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A review of Downtown Plan Public Forum @ c{space

From the Feb 14th blog of  It’s Great ‘n Dayton:

Last night 80-100 (I lost count) people gathered at c{space to provide their input into the Downtown Dayton Plan.  This post is a follow up to the one I posted on Tuesday February 10th. Here’s a snapshot of what the folks at c{space had to say (I wasn’t going to list ideas that are duplicates of the prior post but I think it’s important to see when something is mentioned more than once):

  • There needs to be more support for individual artists, especially young emerging ones. This includes space to do their work and show their work.
  • More public art (which could take a variety of forms)
  • A grocery store
  • Connectable spaces that make walking feel safe while at the same time creating a sense that lots of things are happening
  • Reuse of the Arcade
  • Reuse of empty office space – perhaps creating suites that visitors/travelers could use when in town for business
  • More amenities, people, business
  • Change of PERCEPTION that downtown is unsafe – challenge to the media to be partners in this because media is part of the problem
  • As downtown boundaries expand to encompass a wider ring around the city, make sure to consider that many surrounding neighborhoods have their own visions and plans
  • A dog park (which could lead to cafes, pet food store, pet grooming, etc.)
  • More color (mentioned several times) – including flags on building, more aesthetic street lighting, more neon highlights, more green space, more plants, more things that can be painted (highway underpasses, etc.), tree-lined streets with lights strung in the trees
  • Opportunities for legitimate graffiti (and quick cleanup of illegitimate)
  • Boards and locations for wheatpasting posters and promotional materials
  • Cheap space for young entrepreneurs to do their work, share ideas/resources, this includes artists
  • A sports-plex at the old site of the Parkside Homes
  • Cultural Change Campaign
  • Connecting beyond the boundaries (75, 35, rivers, etc) – so that those boundaries “go through” but don’t “divide”
  • Opportunities for families with children (housing and activities) – some people believe this won’t happen until the public schools change/improve but the point was made that with or without a change to the Dayton public schools parents need to be involved in their kids lives and living downtown is an option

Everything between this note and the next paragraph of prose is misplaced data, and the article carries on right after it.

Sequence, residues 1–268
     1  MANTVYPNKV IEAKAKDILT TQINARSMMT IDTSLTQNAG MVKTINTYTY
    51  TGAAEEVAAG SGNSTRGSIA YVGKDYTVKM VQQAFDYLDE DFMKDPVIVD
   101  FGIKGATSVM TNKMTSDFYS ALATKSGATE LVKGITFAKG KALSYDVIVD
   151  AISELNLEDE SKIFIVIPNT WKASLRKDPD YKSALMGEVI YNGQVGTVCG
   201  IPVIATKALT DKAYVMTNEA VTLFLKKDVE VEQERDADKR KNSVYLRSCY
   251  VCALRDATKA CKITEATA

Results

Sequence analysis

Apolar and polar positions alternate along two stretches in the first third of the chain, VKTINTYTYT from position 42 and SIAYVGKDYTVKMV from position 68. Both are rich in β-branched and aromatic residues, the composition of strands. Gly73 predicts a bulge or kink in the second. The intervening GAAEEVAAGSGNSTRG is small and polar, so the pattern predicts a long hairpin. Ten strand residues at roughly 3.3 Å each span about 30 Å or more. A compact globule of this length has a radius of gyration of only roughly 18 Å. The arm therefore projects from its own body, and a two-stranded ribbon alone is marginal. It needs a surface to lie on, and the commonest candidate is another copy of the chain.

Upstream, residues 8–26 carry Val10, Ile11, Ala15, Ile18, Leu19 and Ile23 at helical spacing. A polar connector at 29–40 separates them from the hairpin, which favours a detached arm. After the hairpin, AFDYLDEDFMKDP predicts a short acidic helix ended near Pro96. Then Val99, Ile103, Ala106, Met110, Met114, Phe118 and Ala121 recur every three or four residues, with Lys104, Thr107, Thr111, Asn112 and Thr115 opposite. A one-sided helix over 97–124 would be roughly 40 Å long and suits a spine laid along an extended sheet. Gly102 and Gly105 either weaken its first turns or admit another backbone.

• Various housing interests  – affordability options (perhaps consider what someone in their 20s could pay and have various options even within the same building so that a person could move from unit to unit as their income changes), needs to include parking, some open space (perhaps patios or small gardens), under 200k, something that competes with a house in Belmont or Kettering (for example), programs to help homeowners, downpayment assistance
  • Downtown daycare facility or “family center”
  • Reach out to all demographics and remember that as excited as we all are for a successful downtown there are other residents who struggle in their own neighborhoods. Thus city leaders need have a vision for the entire city.
  • For people without garages – have a place – even a shared/common one that people can use to work on their own cars
  • Whatever initiatives move forward make sure to consider “green” alternatives
  • A plug was made for the Merc. They’re ready to move forward but still need a commercial tenant as the anchor.
  • Capitalize on views of the city (getting back to color and lighting that can be viewed from high points around the city.
  • Have more family-oriented restaurants downtown.
  • Could the Habitat for Humanity model of sweat equity be a way for people get affordable housing?
  • Hockey arena
  • Monument to women pioneers
  • Competition to create fountains that could be placed around the city, capitilizing on the fact that we sit on an aquifer.
  • New ways to get from East to West because there really is no direct way (particularly getting from Salem or Main street over to the east side)
  • Encouragement for not losing momentum
  • Investment – in business, amenities, infrastructure, retail, entertainment
  • Being cognizant and inclusive of diversity
  • Housing options that keep in mind the lifestyle of baby-boomers, how they’re down-sizing and what aspects of their lives they’re likely to stay involved in (socializing, gardening, etc.) and make sure multi-floor units have elevators
  • Carriage rides
  • Murals
  • Bike lockers
  • Better care of public art and amenities that already exist so we don’t look sloppy and careless. The example that was used was the poor condition of the “Flyover” on Main Street which has tiles falling off of it, dead plants, and chunks torn from the curb from being hit by cars/plows, etc.

Just like the previous meeting the crowd was positive and full of energy. A final thought to leave you with is what one person said in the course of the meeting: We all need to personally invite people downtown. Whether it’s friends or family or people from church, if they’ve never been downtown we should bring them to a show, take them to a festival, ride with them on the bike trails, etc. Another point that was made was that many of the things being discussed are already happening other cities. People we’re trying attract to Dayton will not think these things are foreign. It’s actually local people we need to convert to think outside the box and to think BIG.

A lot of good things can come from these ideas and this plan. I wish the committee well as it prioritizes, determines what’s realistic, and figures out how to pay for it all.

There’s one more input session on Tuesday February 17th at Sinclair. For more info about it or to complete a survey online visit Downtown Dayton. You can also participate in discussions at Dayton Most Metro.

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